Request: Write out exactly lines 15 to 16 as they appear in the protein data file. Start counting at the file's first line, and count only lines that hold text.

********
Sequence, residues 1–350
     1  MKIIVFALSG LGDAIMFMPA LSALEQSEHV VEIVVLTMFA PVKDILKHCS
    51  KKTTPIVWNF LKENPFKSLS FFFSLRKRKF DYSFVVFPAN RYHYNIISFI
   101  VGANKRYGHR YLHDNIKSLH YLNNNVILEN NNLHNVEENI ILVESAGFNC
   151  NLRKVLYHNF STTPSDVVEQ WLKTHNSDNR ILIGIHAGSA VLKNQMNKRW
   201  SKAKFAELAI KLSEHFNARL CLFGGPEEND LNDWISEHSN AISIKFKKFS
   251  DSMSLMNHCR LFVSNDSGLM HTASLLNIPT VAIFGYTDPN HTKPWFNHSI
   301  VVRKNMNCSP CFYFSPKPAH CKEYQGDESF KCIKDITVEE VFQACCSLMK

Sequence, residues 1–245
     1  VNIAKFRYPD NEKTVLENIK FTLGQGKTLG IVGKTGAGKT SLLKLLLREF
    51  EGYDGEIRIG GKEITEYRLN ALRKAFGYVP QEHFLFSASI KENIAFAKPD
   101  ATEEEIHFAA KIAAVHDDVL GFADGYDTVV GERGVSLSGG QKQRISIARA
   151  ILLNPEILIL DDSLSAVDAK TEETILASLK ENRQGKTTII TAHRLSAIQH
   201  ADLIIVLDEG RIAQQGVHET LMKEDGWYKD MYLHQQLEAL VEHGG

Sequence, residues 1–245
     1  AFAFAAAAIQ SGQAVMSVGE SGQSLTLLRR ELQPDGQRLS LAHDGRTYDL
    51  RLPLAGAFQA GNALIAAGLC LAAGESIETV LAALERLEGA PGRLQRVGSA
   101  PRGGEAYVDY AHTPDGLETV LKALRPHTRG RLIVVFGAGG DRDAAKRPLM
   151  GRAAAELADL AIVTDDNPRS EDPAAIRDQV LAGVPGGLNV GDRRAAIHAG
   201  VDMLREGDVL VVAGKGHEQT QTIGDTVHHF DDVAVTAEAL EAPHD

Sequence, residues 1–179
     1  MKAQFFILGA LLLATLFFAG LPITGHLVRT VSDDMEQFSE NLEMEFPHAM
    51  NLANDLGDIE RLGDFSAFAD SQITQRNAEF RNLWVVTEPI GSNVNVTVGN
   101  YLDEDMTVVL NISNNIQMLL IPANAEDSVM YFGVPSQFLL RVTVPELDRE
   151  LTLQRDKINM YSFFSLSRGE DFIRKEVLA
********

Sequence, residues 1–245
     1  AFAFAAAAIQ SGQAVMSVGE SGQSLTLLRR ELQPDGQRLS LAHDGRTYDL